The recently released fourth edition of the CBI Index, published by the Financial Times’ Professional Wealth Management magazine, is a comprehensive ranking system that compares active CBI programmes worldwide. Once again, St Kitts and Nevis’ CBI Programme topped the list.
St Kitts and Nevis boasts the longest-standing CBI Programme in the world and is known for its fast processing time as well as its strict due diligent processes. Part of the appeal of St Kitts and Nevis’ CBI programme is the extensive travel opportunities, as the country continues to increase the number of visa-free and visa-on-arrival destinations for its citizens. It allows ease of access to 70 percent of the world, including the UK, Hong Kong as well as the Schengen zone countries.
There is no residence period, and the investor applies directly for citizenship and the passport. The St Kitts and Nevis CBI Programme is attractive because there is no requirement for minimum physical stay or visits throughout the application process.
While most CBI investment options for St Kitts and Nevis are linked to quick processing times, the Sustainable Growth Fund (SGF) in particular, is known for being the most affordable, direct, and secure route to a second citizenship.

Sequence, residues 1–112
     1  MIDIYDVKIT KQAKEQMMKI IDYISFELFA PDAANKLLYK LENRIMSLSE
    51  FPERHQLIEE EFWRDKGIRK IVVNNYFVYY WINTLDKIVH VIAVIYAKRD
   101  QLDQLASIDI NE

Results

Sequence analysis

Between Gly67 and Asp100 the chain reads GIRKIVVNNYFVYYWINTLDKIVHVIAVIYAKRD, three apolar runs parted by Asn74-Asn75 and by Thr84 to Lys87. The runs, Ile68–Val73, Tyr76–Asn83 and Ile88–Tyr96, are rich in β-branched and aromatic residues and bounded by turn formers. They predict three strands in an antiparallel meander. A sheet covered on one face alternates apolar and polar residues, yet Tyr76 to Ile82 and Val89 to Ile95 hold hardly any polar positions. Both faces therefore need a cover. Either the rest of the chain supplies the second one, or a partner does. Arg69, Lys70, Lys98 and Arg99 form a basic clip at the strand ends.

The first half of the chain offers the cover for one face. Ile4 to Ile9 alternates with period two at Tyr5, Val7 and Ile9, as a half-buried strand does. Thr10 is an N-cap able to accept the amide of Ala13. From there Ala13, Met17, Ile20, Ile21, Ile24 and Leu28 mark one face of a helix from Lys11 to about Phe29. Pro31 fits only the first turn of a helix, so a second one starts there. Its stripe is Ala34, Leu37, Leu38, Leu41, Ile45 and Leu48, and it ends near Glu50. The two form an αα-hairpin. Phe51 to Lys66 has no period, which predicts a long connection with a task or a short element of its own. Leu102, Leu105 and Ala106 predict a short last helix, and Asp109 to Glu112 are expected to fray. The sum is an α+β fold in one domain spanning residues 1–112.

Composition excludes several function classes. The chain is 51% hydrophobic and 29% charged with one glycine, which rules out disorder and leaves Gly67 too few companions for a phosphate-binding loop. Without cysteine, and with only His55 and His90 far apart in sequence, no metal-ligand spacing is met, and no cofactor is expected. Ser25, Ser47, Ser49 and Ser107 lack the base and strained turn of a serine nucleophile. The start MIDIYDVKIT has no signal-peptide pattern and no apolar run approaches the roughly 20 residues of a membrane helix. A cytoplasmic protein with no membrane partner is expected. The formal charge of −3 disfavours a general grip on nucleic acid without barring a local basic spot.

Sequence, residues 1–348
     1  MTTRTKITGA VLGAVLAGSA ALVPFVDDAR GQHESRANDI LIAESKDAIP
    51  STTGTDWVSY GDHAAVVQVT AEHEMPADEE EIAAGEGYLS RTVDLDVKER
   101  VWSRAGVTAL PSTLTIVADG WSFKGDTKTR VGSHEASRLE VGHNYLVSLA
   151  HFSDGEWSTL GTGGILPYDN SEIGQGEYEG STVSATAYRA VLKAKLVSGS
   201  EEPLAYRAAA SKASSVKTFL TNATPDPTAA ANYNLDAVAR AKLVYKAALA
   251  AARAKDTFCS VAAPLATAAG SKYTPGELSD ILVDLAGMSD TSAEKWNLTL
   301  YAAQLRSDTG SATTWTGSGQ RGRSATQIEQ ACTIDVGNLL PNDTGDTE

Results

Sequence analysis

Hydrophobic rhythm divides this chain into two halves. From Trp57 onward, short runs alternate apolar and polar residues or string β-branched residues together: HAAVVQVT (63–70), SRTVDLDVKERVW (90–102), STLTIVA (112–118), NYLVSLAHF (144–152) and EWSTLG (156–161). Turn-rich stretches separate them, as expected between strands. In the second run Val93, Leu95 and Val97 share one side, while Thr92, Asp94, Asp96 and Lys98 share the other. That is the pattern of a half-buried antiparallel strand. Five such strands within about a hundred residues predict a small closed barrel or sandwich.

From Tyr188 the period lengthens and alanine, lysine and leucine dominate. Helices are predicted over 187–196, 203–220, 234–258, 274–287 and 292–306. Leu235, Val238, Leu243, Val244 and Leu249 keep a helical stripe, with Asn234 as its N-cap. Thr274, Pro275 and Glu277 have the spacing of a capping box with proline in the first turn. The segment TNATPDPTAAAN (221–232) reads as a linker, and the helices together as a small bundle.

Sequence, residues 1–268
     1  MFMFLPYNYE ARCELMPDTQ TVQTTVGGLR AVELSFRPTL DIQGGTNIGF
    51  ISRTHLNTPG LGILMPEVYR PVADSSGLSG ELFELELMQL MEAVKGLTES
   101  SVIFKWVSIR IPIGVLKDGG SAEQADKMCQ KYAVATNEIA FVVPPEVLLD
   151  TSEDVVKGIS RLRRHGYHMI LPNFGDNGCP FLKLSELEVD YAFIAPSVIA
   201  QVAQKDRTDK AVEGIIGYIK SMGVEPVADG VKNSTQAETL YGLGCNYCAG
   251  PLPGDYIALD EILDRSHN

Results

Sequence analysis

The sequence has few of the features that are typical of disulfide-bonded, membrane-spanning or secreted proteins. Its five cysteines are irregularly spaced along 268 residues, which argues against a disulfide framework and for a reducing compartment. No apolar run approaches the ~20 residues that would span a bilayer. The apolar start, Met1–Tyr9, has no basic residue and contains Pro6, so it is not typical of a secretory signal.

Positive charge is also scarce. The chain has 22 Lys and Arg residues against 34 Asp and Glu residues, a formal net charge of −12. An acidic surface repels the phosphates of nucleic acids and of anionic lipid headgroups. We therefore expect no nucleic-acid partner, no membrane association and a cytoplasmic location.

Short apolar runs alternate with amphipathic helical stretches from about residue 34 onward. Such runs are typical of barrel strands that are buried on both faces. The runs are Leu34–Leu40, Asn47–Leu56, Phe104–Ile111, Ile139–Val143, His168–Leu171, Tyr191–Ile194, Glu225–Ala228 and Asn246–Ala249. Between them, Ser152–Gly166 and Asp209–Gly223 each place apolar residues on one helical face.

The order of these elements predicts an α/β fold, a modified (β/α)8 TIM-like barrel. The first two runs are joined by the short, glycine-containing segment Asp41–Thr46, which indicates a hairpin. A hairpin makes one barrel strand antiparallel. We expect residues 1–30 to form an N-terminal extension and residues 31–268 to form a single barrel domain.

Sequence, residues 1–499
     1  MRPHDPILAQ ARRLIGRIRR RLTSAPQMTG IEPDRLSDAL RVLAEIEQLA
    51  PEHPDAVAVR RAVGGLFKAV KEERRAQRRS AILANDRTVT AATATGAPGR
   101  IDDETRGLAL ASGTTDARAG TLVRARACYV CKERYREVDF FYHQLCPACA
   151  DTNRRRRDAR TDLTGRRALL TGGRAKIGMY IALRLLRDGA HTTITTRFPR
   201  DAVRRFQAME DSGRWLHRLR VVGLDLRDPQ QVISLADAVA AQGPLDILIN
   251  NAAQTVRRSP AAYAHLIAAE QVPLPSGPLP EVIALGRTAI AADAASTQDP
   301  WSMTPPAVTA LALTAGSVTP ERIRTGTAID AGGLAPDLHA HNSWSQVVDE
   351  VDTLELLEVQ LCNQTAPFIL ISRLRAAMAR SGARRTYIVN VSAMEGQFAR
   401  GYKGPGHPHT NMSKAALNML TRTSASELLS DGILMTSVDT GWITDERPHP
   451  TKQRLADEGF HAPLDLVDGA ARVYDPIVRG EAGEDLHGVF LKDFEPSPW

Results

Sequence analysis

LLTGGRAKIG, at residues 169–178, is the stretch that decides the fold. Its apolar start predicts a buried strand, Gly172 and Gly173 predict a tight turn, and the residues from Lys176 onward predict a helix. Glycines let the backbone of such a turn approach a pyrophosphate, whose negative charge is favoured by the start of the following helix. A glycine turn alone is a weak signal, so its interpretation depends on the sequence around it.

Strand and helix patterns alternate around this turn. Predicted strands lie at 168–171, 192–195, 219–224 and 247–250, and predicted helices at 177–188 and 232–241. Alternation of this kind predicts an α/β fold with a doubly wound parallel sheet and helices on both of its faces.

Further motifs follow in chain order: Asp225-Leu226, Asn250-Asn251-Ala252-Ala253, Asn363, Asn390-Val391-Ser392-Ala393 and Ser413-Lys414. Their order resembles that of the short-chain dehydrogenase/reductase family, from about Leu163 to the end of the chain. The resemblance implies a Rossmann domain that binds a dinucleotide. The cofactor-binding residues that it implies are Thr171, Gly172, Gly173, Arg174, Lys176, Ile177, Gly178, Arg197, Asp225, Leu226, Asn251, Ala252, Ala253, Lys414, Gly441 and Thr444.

This SGF offers subsidised funding in areas such as infrastructure advancement, tourism promotion, social assistance, education and local entrepreneurship. The SGF route requires a one-off financial contribution in order to qualify for citizenship.
St Kitts and Nevis’ CBI Programme is known as a family-focused Programme and is currently running a limited-time offer allowing investors to add up to three family members for the same investment amount as a single applicant. The cost for a single applicant or family of up to four persons requires an investment of USD 150,000. Applicants then pay USD 10,000 per every additional dependant after that.
For the host country, the objective of a CBI programme is to generate foreign investment, which then gets reinvested into the country to fund development across a range of sectors including education and housing.
This funding for small island economies is of paramount importance, and the CBI Programme has assisted the dual island nation in developing key areas such as education, health, climate change, infrastructure, and tourism. As a result of government investment in public services, including law enforcement, there has also been an annual 30 per cent fall in crime.
The nation also announced earlier this year that it would be rolling out biometric-shared background checks. This forms a compulsory part of its due diligence process that every applicant must pass to be considered for economic citizenship, ensuring thorough screening of applicants.
Holding a second passport to this developed Caribbean nation allows one to relish all the social and business benefits enjoyed by locals, while also offering a secure plan B for investors and their families.